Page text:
The Dark Star variety of zucchini was bred specifically for drought resistance and yield. Its roots grow deep into the ground and seek out the water table to offset any deficiency from a lack of watering or precipitation.
Arugula is one of the great drought-resistant vegetables since it’s pretty easy to grow and can tolerate periods of dryness. With extended periods of drought, arugula leaves will be a bit smaller and take on an even more peppery taste.
It’s important to note that even drought-resistant vegetables need a good watering when establishing roots. So don’t skimp on your seeds and seedlings! There are many reasons to plant drought-resistant vegetables even if you live in a temperate climate with good soil and regular rainfall. Planting drought-resistant vegetables helps you use less water in your garden and conserve your overall water usage. Something we should all be striving toward as stewards of this planet.
Do you have a water-conscious gardening plan? What drought-resistant vegetables have you planted in the past and which ones will you try in the future? Let me know in the comments!
I notice that you don’t mention mulching in the article about drought-tolerant vegetables. I mulched over sandy soil in the worst drought that had taken place in northern Minnesota in 100 years, and I got bumper crops of everything.
Hi. I live in Farmington, NM. It’s very dry and hot up here as well…. BUT the bugs and squirles!! OMG.. they went to town eating my squash and tomatoes. I had aphids, stink bugs, squash bugs, ants and beetles…. hubby says plant marigolds. I’ve never done that before…. any advice, tips or instructions would be so appreciated! Happy gardening everyone! And thank you.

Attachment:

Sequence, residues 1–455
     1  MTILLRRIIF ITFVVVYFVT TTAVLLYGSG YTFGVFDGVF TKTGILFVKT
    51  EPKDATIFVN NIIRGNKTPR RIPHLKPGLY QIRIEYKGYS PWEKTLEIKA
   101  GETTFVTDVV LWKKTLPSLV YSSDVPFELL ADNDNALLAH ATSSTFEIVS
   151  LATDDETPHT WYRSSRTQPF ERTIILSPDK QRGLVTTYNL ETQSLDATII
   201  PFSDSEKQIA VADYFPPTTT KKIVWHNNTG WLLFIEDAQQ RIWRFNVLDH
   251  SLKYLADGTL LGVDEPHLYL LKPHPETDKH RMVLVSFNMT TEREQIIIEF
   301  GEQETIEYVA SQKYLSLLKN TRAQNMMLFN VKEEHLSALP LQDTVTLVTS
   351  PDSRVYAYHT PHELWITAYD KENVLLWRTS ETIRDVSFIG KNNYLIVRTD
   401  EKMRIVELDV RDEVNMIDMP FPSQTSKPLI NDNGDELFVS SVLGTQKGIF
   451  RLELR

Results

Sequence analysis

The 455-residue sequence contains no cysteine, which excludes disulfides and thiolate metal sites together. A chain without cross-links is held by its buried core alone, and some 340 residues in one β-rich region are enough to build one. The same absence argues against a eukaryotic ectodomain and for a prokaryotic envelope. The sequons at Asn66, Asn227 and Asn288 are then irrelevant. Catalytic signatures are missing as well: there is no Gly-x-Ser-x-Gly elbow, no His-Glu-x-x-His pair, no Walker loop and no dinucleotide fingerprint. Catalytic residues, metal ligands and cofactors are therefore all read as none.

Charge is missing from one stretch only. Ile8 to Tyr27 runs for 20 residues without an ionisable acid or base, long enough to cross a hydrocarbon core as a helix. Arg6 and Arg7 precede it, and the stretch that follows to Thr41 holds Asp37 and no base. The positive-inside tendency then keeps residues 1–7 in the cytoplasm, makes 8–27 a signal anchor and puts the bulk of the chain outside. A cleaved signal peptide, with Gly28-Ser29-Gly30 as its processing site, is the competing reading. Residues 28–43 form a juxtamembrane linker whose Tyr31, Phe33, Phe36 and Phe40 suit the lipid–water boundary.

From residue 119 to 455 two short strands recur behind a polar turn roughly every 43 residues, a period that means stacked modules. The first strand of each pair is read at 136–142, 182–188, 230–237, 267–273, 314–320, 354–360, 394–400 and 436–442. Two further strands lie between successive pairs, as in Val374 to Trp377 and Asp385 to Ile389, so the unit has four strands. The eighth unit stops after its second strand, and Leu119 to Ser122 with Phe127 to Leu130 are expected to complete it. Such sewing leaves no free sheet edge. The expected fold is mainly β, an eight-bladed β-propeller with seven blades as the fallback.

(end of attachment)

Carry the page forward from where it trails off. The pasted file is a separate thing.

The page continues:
Hubby is right, marigolds can act as a great trap crop to attract bugs in that direction instead of onto your ripe plants. If you’re having such an infestation, I suggest a neem oil spray to keep them away from your plants. You’ll need to re-spray after each rain but it’s very effective!
Our problem here in Las Vegas, Nevada, is heat! From July through September, we have temperatures from 110° to 115°. I plant my veggies in self-watering pots, and they do well until the high temps come in. Any suggestions for dealing with veggies that fry on the vine?
We have the same problem here in Las Cruces, New Mexico. Our container-gardening experts at NMSU suggest putting your pots inside of a larger pot, leaving a couple of inches of space between the pot walls to allow a buffer for the heat. Also, use light-colored wooden, plastic or resin pots instead of dark concrete or clay pots. You could put some bark mulch or peat moss between the pots to absorb some of the heat also. If able, moving the pots into the shade at the hottest time of day will help also.
How about setting up a shade of gauze cloth over bamboo or stakes to shield the plants from the sun? It could be movable.
Create a light pergola of bamboo or stakes covered with gauze cloth to shelter the plants in the hottest part of the day. It could be movable.
I am trying container gardening this year with tomatoes, zucchini and cucumbers and cilantro.
Hi…I did 8 pots of container gardening last year from seeds started indoors and it worked fabulously. Tomatoes , Green Onions, Herbs , Green Beans were amazing & abundant. This year will also be Beets, Zucchini, Cucumbers , for the heck of it a bit of Corn. Lol!
Good luck & enjoy. I hooked up a sprinkling system by myself to them for watering. It was easy.
Have fun & make notes for future family.
Ha! Getting brave with the corn there, I’d love to know how it does! I have trouble growing it, but this year I made more space, fingers crossed! All of my sprouts just came up, I thought they were gonners after a recent bout of constant rain but they made it!
Good luck! I bet those will all grow great!